The effective calcium carbonate equivalent of rice husk ash

The ECC of RHA used in the experiment can be estimated by comparing the amount of RHA required to achieve the same effect on the soil pH as a known dose of limestone with known ECC would have. In the experiment, the lime rate needed to correct acidity in treatment RF differed between the blocks because each had different acidity, so that a specific response curve of pH to RHA dosages was established for each block. With these curves the amount of RHA required to achieve the same pH as the soil reached in the RF treatment in the same block can therefore be calculated. This dose can then be compared with the applied lime rate (ECC 100 %).

It was not possible to estimate the ECC in block 1 where the pH was already very close to 6.0, and liming was therefore superfluous. By estimations as described above, the ECC values of RHA varied between the blocks from 2.17 to 3.43 % (Table 4), but the average of 2.89 % is very close to the value (2.78 %) obtained by Pinto et al. (2009) in the laboratory.

If the NV of RHA is 0.91 %, the FF is 317.6 % [(2.89/0.91) × 100]. Since the FF is a relative measure of the lime reaction rate, RHA reacts about three times faster than limestone with particles smaller than 0.3 mm. This is consistent with the observed data. It is not expected that this reactivity varies greatly between RHAs from different sources, because apparently the reactivity of this residue in the soil is not related to the particle size, as in limestones, but to the chemical nature of the bases contained in RHA.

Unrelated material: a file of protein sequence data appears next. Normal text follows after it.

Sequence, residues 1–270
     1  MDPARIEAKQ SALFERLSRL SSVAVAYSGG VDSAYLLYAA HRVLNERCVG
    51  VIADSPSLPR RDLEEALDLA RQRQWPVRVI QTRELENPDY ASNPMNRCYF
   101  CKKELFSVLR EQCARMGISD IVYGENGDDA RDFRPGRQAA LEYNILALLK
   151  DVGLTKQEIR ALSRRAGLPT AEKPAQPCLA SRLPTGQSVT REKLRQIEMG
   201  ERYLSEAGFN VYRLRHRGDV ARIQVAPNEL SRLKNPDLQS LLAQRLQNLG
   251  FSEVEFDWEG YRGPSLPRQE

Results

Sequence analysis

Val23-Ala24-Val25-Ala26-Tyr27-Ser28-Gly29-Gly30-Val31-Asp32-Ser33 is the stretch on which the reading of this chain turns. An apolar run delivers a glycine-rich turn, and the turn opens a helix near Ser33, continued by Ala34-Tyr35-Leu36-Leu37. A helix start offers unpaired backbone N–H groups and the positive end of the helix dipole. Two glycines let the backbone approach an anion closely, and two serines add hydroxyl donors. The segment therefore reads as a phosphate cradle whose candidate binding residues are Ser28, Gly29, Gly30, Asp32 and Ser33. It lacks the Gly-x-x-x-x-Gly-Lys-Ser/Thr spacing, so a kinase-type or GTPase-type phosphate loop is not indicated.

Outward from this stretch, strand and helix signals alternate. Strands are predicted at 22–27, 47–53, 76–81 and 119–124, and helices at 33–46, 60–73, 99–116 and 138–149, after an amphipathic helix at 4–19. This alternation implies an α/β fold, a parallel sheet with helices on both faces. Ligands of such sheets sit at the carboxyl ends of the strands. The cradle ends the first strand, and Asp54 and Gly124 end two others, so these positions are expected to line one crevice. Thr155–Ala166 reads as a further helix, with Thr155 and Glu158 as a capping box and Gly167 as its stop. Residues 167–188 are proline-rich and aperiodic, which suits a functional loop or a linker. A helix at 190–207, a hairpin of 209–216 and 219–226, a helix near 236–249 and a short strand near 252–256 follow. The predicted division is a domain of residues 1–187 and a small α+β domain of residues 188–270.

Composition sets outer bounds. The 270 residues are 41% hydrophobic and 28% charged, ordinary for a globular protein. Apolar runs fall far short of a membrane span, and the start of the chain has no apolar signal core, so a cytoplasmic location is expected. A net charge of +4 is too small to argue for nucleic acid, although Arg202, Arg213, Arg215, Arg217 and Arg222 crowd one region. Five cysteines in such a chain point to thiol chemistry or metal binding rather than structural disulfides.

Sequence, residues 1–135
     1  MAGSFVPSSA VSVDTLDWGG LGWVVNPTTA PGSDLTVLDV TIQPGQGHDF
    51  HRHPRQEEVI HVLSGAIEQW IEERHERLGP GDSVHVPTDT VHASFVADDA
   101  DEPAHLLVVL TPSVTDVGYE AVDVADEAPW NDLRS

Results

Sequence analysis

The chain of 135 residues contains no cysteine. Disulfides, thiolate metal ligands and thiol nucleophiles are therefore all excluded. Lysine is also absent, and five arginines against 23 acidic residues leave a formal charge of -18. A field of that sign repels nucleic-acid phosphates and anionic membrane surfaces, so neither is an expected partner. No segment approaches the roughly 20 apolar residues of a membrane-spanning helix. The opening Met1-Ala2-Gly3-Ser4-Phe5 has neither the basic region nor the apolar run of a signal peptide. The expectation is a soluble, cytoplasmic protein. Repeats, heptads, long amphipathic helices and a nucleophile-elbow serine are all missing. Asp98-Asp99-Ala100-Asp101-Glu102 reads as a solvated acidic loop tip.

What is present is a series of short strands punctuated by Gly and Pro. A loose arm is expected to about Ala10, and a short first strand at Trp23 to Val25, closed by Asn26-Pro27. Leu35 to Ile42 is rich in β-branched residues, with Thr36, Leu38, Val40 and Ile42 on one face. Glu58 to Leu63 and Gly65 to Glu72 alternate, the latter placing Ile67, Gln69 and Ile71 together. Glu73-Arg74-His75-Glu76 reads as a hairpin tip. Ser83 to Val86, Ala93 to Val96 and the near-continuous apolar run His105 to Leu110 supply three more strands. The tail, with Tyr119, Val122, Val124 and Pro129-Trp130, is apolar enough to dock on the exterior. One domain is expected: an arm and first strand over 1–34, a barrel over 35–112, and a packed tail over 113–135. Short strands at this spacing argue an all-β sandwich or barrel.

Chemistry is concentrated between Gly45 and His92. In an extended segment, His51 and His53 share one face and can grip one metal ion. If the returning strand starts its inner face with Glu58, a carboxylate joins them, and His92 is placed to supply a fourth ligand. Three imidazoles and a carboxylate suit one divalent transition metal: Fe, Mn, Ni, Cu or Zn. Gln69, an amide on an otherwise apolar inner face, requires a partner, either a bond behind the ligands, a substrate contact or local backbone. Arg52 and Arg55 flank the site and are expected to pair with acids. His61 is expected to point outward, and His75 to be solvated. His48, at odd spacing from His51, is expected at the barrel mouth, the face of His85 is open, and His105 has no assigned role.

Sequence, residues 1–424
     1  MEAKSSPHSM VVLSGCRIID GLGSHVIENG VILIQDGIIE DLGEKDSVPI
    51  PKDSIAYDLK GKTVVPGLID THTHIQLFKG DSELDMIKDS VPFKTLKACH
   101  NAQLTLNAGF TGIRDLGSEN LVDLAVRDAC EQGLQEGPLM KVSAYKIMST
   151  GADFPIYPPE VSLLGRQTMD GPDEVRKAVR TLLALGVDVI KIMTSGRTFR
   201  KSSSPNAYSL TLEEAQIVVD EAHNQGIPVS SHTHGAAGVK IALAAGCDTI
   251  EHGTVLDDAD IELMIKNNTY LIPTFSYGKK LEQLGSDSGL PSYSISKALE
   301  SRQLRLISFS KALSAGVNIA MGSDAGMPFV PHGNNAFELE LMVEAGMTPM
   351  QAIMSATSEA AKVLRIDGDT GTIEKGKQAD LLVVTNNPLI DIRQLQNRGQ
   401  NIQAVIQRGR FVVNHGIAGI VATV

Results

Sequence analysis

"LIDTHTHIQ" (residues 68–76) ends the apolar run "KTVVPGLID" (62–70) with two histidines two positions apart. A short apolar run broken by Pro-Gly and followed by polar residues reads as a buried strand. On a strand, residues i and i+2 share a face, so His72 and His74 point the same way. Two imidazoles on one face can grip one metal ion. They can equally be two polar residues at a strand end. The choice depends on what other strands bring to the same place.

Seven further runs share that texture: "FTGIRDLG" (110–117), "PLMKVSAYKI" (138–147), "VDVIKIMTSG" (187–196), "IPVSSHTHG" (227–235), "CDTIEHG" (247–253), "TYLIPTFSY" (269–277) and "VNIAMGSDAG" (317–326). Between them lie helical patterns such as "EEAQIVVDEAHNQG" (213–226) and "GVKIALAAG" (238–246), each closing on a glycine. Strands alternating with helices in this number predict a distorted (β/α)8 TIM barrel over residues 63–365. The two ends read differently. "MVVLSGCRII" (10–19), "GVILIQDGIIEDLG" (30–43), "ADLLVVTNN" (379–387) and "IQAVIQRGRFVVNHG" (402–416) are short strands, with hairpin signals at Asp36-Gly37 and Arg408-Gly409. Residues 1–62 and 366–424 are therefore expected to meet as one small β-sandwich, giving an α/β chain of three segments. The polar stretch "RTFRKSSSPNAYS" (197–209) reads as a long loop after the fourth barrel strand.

From a practical point of view, it would be unfeasible to perform experiments every time an unknown RHA is used to determine the ECC of RHA. Instead, it can be estimated with a reasonable degree of accuracy using the NV determined in the laboratory, which is a quick and effective procedure, and the value of FF calculated in this work. For practical purposes, the relationship ECC = 3 × NV could be used.